Harry Mount

Two countries now exist: Tourist Greece and Real Greece

‘The isles of Greece! The isles of Greece! Where burning Sappho loved and sung, Where grew the arts of war and peace, Where Delos rose, and Phoebus sprung!’

I couldn’t agree more with Lord Byron about the joys of the Greek islands. Here in Cephalonia, the poppies are out, back-lit by a strong spring sun. The swallows are swooping low across the villa, taking little sips from the swimming pool. The tavernas are gearing up for the summer season; the sea bass at lunch was freshly caught this morning.

Still, lucky old Byron never had to deal with a ferry strike between the isles of Greece.

A general strike meant our ferry from Cephalonia to the Peloponnese was cancelled. The alternative was to hire a water taxi for £150 – bearable for tourists; impossible for most Cephalonian locals. The strike was called in reaction to a new government bill, introducing pension cuts and higher social security contributions. The Syriza-run government is cranking up the austerity in return for more bail-out cash.

And yet, despite the strike, Alexis Tsipras, the Syriza leader and Greek Prime Minister, has just made an extraordinary bet with Andreas Andreadis, President of the Association of Hellenic Tourism Enterprises. Tsipras bet Andreadis that 2016 will break the tourism record of 2015. The loser will buy dinner for the winner in a restaurant overlooking the Acropolis.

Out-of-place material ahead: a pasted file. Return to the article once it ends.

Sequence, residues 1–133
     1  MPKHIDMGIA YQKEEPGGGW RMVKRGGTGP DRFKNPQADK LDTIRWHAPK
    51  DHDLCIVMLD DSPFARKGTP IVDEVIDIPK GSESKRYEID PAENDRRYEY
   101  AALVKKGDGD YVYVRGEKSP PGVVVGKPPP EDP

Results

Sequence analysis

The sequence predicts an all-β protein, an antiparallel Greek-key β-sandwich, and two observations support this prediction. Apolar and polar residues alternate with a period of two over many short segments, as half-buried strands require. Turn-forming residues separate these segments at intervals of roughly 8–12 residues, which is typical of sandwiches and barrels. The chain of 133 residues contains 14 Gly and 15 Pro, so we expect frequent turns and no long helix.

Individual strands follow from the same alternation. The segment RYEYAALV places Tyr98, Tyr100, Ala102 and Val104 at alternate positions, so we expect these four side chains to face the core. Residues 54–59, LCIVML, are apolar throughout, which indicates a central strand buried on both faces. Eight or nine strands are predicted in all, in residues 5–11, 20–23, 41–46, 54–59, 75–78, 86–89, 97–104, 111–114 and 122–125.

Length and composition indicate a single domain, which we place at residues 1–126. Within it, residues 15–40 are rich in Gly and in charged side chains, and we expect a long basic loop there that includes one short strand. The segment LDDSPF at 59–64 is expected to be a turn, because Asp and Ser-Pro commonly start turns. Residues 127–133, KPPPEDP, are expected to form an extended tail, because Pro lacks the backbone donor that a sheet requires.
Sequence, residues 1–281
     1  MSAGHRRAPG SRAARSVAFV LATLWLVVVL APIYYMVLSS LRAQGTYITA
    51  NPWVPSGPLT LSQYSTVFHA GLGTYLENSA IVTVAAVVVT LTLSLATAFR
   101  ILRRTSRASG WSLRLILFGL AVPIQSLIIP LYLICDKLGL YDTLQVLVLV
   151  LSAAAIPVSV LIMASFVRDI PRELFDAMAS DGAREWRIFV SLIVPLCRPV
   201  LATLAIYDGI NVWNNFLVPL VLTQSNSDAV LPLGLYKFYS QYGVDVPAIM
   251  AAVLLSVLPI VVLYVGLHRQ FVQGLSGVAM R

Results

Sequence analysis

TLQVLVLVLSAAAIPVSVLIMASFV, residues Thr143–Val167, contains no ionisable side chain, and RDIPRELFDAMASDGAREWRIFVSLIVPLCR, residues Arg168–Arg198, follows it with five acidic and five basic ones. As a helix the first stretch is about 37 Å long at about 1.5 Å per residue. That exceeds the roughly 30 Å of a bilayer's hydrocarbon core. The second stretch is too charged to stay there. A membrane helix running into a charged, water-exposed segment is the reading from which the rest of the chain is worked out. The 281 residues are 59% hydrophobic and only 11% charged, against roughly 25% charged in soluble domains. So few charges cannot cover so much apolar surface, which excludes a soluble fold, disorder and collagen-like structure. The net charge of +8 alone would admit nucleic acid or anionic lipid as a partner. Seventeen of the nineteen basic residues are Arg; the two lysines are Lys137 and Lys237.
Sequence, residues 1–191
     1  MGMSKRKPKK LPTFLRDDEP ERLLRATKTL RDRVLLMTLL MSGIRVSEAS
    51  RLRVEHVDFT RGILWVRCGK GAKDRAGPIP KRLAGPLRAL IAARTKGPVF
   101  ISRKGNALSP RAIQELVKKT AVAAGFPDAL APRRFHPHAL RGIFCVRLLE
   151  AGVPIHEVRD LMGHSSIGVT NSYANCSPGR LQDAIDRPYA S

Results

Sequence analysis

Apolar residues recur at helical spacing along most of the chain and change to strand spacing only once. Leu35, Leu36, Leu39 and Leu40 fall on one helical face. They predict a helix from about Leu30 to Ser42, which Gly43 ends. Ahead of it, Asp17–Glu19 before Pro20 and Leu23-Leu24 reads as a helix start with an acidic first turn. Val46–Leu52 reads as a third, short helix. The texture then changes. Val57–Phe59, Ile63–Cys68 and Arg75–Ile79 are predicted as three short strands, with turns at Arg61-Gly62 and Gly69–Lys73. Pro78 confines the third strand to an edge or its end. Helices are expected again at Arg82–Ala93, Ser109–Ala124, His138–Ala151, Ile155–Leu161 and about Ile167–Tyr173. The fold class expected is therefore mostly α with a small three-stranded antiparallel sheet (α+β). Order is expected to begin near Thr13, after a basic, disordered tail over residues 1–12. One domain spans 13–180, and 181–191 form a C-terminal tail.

The funny thing is that, come October, Andreadis may well pick up the tab as the sun dips down below the Parthenon. I was unlucky enough to catch an off-season ferry strike. Even the hard-line unions are unlikely to call one in high season, and risk the collapse of tourism – the one shining beacon in Greece’s bankrupt economy.

I would say to anyone thinking of booking a summer holiday in Greece – go right ahead.

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